History of the World, Part I (1981) – Narrated by Orson Welles and featuring Brooks in roles ranging from Moses to a guy responsible for carrying a container for King Louis of France to pee in, this irreverent parody takes on the history of the human race from caveman times to the French Revolution. The usual cast of actors (Harvey Korman, Madeline Kahn, and Cloris Leachman) appear, and my favorite part remains the scene where King Louis blasts peasants from the sky during a lethal game of human skeet.Spaceballs (1987) – The last solid parody movie that Mel Brooks ever made, Spaceballs pokes fun at a George Lucas franchise that sort of writes its own jokes these days. Bill Pullman co-stars in the Han Solo role, while John Candy steals a few laughs as his Chewbacca-like companion. Since Star Wars geeks are pretty forgiving (they have to be considering the quality of the second trilogy), I remember a lot of my pals were Spaceballs fans upon its release.
Robin Hood: Men in Tights (1993) – Despite Cary Elwes in the title role and Dave Chappelle in his first major part, this parody of Robin Hood movies was just plain awful. Unlike previous films from Brooks, every joke labored to find a laugh. I’d rather watch Ridley Scott’s Robin Hood for a second time, which is an indication of just how unfunny this “comedy” was.
Mel Brooks Movies I Haven’t Seen
I haven’t seen all the Mel Brooks movies currently available. Here’s a list of those films, as well as my reasons for skipping them:
The Twelve Chairs (1970) – Just before an aristocratic old woman passes away, she reveals that a fortune in jewels are hidden in one of the family’s twelve dining room chairs. This instigates a madcap race for riches between her son-in-law (Ron Moody), a con-artist (Frank Langella), and a Russian Orthodox priest (Dom DeLuise). One of the rare non-parody movies from Brooks, I wasn’t aware of its existence until I started researching this article.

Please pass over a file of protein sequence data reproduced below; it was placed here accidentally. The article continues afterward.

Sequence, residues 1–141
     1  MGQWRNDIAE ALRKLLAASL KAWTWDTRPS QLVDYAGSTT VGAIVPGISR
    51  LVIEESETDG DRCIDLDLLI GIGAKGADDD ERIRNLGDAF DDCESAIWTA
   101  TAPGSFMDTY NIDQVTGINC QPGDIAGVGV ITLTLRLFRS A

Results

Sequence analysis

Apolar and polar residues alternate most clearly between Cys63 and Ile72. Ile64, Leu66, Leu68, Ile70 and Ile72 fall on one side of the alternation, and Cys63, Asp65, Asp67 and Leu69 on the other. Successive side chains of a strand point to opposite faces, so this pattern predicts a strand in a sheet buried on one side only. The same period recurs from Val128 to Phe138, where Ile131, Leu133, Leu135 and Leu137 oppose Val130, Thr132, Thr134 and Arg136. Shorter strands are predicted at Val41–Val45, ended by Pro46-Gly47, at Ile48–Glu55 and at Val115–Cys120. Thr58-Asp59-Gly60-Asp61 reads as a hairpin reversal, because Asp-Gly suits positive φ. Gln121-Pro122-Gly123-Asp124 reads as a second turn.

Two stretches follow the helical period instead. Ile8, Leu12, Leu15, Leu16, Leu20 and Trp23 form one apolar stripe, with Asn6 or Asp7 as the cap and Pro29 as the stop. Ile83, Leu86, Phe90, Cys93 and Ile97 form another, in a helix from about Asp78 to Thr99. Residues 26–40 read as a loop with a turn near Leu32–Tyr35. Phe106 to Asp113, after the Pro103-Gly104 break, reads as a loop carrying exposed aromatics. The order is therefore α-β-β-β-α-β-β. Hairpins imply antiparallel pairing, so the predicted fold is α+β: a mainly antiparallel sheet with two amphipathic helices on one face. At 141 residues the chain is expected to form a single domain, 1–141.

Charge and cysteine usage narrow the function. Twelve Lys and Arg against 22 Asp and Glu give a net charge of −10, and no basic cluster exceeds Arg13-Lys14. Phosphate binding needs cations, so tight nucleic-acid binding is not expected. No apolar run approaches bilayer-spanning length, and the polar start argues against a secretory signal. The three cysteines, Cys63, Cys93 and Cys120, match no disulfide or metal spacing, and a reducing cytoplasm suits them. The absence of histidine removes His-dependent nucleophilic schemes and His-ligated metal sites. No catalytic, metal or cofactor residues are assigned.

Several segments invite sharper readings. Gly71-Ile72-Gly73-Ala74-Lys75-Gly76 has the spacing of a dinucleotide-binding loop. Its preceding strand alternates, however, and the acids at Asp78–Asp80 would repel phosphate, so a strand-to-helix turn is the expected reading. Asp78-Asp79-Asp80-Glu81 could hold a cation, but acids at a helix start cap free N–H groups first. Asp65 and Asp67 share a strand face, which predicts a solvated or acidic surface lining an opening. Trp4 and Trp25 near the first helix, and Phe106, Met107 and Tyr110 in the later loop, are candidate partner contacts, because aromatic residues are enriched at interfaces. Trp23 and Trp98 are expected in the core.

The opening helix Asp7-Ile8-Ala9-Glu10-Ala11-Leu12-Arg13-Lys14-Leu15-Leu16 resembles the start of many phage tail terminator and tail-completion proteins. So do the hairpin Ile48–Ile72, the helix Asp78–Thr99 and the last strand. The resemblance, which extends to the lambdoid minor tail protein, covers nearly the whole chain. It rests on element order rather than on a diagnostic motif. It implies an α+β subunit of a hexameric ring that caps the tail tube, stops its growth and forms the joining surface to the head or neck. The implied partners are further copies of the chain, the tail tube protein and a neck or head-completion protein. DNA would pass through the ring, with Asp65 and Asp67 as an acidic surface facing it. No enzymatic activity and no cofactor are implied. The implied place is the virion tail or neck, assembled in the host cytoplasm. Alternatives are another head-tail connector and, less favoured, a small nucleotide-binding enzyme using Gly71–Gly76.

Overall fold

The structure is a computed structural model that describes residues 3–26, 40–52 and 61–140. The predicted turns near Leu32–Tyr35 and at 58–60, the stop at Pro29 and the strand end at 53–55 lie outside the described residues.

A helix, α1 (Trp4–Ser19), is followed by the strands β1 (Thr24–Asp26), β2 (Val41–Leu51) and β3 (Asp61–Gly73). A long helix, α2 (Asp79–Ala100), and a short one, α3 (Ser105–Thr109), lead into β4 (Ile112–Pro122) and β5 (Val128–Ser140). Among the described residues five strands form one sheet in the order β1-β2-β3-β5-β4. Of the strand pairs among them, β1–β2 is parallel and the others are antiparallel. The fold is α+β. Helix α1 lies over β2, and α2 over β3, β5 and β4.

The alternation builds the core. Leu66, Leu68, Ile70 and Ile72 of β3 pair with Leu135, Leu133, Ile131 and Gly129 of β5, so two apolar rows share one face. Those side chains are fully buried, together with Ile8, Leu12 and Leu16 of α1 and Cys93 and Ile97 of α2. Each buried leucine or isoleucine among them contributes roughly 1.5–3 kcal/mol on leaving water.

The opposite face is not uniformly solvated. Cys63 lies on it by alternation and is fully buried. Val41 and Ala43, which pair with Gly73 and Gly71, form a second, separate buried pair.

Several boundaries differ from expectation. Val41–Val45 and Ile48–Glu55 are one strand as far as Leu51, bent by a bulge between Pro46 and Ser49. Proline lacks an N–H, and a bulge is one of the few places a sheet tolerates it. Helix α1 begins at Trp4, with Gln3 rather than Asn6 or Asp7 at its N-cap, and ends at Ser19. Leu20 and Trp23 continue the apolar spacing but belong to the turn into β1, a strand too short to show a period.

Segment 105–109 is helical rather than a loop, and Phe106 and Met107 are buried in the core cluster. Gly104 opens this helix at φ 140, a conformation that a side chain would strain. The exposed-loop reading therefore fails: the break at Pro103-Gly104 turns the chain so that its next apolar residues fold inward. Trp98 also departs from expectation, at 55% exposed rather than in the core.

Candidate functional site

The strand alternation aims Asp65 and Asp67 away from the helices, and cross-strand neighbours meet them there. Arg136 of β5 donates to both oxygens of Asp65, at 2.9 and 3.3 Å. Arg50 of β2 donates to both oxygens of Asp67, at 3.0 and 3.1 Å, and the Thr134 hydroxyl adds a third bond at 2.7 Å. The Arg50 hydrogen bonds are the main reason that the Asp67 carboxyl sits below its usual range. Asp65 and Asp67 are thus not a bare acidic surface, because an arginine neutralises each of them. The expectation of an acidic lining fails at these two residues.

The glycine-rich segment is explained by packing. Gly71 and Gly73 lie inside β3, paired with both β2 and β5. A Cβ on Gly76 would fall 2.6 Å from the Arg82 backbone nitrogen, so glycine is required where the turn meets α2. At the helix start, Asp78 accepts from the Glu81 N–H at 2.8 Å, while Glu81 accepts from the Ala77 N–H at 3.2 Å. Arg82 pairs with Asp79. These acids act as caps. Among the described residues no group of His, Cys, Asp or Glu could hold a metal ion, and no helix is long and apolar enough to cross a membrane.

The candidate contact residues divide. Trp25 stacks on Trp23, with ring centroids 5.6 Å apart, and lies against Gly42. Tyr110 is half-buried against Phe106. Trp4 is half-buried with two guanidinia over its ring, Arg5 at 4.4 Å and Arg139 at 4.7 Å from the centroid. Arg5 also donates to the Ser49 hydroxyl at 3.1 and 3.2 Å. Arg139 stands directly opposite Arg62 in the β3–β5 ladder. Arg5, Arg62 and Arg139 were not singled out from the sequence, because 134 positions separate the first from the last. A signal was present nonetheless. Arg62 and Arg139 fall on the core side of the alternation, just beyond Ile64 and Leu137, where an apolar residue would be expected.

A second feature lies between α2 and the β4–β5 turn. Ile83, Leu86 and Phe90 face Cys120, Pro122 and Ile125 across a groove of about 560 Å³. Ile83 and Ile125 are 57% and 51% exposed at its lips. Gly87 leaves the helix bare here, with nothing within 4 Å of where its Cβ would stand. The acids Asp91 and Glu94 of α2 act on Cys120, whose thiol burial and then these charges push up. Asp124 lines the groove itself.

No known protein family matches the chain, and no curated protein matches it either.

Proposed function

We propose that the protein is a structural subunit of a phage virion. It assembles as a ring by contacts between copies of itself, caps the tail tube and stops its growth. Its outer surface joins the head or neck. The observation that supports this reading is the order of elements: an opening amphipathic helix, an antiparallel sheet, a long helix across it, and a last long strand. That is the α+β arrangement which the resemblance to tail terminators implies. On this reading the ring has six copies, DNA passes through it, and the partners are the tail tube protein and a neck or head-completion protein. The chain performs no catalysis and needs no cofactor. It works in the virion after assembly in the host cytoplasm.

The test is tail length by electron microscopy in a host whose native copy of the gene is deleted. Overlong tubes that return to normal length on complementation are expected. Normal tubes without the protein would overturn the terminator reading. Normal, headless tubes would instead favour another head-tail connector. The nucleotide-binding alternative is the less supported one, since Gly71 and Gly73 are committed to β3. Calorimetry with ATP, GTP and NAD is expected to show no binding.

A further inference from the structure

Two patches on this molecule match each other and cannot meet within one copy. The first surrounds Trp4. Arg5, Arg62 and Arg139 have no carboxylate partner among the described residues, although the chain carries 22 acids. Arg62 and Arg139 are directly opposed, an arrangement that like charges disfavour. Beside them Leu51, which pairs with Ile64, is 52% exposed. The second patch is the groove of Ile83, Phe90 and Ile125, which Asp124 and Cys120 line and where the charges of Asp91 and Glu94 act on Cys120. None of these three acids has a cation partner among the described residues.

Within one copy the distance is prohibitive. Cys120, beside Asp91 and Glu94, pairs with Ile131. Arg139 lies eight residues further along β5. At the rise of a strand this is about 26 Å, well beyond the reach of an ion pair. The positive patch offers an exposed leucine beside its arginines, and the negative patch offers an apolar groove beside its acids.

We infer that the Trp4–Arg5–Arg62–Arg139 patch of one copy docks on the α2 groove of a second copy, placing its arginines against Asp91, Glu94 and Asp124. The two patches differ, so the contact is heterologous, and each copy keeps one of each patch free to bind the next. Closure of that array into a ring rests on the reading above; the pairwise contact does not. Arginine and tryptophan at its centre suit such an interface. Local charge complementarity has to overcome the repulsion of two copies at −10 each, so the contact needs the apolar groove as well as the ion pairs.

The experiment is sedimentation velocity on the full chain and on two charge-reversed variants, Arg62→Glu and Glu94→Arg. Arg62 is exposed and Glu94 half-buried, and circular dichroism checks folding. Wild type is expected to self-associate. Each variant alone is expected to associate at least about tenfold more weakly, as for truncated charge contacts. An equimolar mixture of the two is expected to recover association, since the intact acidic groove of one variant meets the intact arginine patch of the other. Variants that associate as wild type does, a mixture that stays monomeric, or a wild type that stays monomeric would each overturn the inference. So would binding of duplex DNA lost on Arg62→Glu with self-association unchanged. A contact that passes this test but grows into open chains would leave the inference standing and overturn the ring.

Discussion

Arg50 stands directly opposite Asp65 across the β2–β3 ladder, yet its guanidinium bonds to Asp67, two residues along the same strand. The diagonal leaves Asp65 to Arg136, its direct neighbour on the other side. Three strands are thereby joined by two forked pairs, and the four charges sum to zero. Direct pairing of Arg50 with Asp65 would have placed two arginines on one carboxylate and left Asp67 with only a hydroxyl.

Silent Movie (1976) – Brooks parodies the silent movie era. While I’ve seen a few silent films that I enjoyed, it’s not a style that I’m immediately drawn to. So even a modern parody is going to be low on my list of priorities. I’m sure I’ll see it one day, but the presence of overrated fattie Dom DeLuise isn’t making me hurry.
Life Stinks (1991) – Brooks strayed from parody territory in this comedy-drama about a slum lord who prepares to spend 30 days as a homeless man to win a bet. When you hear the name Mel Brooks, you’re expecting a comedy, and I remember the trailer for this film looked decidedly unfunny. I wasn’t the only one who felt that way, as box-office numbers were pitiful, and the film holds a Rotten Tomatoes freshness rating of under 20%.
Dracula: Dead and Loving It (1995) – After the train wreck that was Robin Hood: Men in Tights, I had pretty much given up on Mel Brooks movies. Even with the presence of deadpan comedy genius Leslie Nielsen, I couldn’t muster up the energy to see this parody of Dracula and several other vampire flicks.
If you’re in the mood to laugh, give one or more of these Mel Brooks movies a try. Fans of Curb Your Enthusiasm should be especially delighted, as there are more Jewish jokes and performers than you can shake a dreidel at.